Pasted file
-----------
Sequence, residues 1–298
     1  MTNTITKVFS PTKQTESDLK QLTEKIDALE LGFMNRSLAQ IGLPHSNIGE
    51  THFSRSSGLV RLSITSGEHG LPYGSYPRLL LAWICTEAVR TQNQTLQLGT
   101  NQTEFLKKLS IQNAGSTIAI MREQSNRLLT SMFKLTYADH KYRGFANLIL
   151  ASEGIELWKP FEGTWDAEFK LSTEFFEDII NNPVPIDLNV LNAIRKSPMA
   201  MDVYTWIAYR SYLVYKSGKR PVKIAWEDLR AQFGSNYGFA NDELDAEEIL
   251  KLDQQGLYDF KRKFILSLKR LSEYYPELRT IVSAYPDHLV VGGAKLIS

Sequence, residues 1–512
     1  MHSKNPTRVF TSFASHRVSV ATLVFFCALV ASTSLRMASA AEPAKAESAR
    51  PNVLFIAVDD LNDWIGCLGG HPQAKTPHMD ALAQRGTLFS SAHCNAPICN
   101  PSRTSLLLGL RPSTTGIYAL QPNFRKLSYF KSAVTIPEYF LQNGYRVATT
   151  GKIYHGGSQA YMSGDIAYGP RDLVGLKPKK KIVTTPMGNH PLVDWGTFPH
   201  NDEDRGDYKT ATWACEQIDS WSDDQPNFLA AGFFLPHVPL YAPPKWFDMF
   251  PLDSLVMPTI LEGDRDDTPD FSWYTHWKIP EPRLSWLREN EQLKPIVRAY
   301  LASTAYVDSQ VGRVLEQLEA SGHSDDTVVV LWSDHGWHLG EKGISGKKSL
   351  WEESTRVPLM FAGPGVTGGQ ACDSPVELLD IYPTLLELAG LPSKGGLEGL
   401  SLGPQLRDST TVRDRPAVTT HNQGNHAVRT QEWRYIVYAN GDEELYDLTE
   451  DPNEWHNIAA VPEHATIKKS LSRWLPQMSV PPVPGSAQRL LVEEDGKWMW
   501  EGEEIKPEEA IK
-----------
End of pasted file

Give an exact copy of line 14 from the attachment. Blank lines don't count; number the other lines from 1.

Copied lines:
   251  PLDSLVMPTI LEGDRDDTPD FSWYTHWKIP EPRLSWLREN EQLKPIVRAY